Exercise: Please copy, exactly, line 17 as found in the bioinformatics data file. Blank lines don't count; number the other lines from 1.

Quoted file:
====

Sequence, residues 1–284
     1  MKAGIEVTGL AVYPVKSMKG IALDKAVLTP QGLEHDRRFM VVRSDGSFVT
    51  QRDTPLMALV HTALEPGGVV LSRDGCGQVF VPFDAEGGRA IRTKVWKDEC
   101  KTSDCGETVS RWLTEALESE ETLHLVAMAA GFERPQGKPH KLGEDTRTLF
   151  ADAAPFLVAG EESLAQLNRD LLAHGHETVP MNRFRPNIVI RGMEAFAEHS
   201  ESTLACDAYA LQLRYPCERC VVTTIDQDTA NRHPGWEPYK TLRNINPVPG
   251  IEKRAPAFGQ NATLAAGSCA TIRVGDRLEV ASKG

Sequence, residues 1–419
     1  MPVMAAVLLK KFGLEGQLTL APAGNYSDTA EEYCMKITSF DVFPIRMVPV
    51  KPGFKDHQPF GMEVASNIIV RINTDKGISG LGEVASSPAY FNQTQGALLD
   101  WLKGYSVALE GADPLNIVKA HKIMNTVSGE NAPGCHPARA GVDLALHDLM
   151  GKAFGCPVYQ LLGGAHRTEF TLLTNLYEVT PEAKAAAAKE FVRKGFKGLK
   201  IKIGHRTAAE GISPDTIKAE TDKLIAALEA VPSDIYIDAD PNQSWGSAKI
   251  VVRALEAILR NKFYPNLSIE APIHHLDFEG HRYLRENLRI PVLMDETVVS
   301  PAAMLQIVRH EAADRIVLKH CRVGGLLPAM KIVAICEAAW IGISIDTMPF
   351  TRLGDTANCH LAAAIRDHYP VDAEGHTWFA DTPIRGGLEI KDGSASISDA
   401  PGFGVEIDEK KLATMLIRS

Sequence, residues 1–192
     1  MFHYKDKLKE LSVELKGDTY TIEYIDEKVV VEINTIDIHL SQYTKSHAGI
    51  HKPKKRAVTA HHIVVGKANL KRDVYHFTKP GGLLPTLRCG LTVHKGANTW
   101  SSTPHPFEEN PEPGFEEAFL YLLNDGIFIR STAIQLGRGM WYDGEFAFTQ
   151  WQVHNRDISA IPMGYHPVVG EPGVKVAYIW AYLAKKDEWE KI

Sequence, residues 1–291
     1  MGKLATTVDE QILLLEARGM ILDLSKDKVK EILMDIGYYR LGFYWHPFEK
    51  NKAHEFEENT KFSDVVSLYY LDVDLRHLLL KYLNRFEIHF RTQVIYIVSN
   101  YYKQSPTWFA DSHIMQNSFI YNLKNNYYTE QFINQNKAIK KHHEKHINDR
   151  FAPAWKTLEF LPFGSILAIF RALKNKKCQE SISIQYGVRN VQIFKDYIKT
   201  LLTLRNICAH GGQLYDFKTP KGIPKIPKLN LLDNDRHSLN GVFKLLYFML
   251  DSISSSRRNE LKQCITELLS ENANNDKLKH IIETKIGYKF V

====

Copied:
   401  PGFGVEIDEK KLATMLIRS